Oil Will Pay for the Iraq War?

Brian Hicks

Updated March 14, 2008

Dear Wealth Daily Reader,

Next month my first book, “Profit from the Peak,” will be released to bookstores nationwide.

I’ve been told by my publisher at Wiley that major bookstores across America are buying big blocks of the book, a sign that either there are a lot of insomniacs out there looking for a remedy… or that interest in Peak Oil and its investments is surging.

12,000 copies of "Profit from the Peak" have been pre-ordered. They tell me that they typically see around 2,500 pre-orders for investment books.

There’s no doubt that books about oil and energy are popular these days.

But there is one book in particular that is a must-read (besides mine).

Earlier this week, The American Conservative published a story that had me choking on my morning coffee.

The article revealed the gargantuan amount of energy being used by our armed forces to continue our failed adventure in Iraq.

Robert Bryce, who wrote the story, tells us that after invading one of the most oil-rich countries on earth, the mighty U.S. military is running on empty.

Seriously, I couldn’t make this up if I tried.

Check this out…

How 1 Gallon of Fuel=42 U.S. Tax Dollars

The U.S. is using more than 5,000 tanker trucks to haul JP-8 gas – a blended jet fuel that’s used to run both vehicles and aircraft – into Iraq.

Last year alone, says Bryce, the American forces in Iraq burned through more than 1.1 billion gallons of fuel.

"In November 2006," says Bryce, "a study produced by the U.S. Military Academy estimated that delivering one gallon of fuel to U.S. soldiers in Iraq cost American taxpayers $42 – and that doesn’t include the costs of the fuel itself."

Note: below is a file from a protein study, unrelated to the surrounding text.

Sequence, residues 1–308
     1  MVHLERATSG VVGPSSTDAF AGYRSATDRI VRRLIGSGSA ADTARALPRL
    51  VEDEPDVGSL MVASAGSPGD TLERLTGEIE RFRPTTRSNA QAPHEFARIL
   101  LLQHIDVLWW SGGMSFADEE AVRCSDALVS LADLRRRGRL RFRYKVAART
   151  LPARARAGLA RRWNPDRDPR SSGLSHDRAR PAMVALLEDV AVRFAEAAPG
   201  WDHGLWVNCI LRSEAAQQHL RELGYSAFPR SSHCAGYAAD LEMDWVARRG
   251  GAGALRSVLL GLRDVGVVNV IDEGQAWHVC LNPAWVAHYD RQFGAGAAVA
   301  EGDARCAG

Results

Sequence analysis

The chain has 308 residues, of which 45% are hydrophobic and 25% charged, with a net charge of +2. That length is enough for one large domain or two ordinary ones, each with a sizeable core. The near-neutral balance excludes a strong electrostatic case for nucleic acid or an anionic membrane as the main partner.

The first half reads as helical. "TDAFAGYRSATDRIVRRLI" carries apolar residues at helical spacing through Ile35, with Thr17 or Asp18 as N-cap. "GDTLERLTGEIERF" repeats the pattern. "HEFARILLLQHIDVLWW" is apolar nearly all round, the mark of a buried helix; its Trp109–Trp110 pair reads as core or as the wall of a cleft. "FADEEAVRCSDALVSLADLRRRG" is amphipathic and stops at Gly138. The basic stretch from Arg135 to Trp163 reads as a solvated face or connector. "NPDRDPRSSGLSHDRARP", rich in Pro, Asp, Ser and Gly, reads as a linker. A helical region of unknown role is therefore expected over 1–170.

Bottom line: In the war that Paul Wolfowitz and his neocon brethren famously and arrogantly predicted would “pay for itself,” the U.S. is spending $923 million per week on fuel-related logistics.

Read that again–Americans are spending nearly $1 billion PER WEEK to keep our military machine well-fueled in Iraq.

Do that math. That’s $52 billion per year. And if John McCain is willing to stay in Iraq for 100 years (as he said he would), the oil bill to Americans will be, ahem, $5.2 trillion.

Why is this so important, wonders Bryce?


"While the U.S. military chases its own fuel tail in Iraq, a country that sits atop 115 billion barrels of oil–about 9.5 percent of the world’s total–the global energy industry is racing forward with new alliances and deals, many of which would have been unthinkable before the invasion."

According to Bryce’s analysis, the global balance of power is shifting dramatically (as it does from time to time) in ways that indicate the declining effectiveness of militarism in controlling global energy trends.

In the Age of Peak Oil, These Are Interesting Developments Indeed

Robert Bryce just released his new book, "Gusher of Lies: The Dangerous Delusions of Energy Independence."

I reiterate that the end of cheap oil represents the greatest investment opportunity of this century.

Best regards,

Brian Hicks


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